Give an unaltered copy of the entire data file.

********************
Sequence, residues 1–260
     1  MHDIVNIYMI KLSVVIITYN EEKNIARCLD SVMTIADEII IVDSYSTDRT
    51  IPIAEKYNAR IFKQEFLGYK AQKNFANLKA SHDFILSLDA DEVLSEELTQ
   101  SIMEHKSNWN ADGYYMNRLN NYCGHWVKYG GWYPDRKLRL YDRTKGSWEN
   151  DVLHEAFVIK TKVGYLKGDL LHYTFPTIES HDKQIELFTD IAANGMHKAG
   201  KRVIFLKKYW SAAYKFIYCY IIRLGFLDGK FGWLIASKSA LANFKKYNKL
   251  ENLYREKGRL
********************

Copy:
Sequence, residues 1–260
     1  MHDIVNIYMI KLSVVIITYN EEKNIARCLD SVMTIADEII IVDSYSTDRT
    51  IPIAEKYNAR IFKQEFLGYK AQKNFANLKA SHDFILSLDA DEVLSEELTQ
   101  SIMEHKSNWN ADGYYMNRLN NYCGHWVKYG GWYPDRKLRL YDRTKGSWEN
   151  DVLHEAFVIK TKVGYLKGDL LHYTFPTIES HDKQIELFTD IAANGMHKAG
   201  KRVIFLKKYW SAAYKFIYCY IIRLGFLDGK FGWLIASKSA LANFKKYNKL
   251  ENLYREKGRL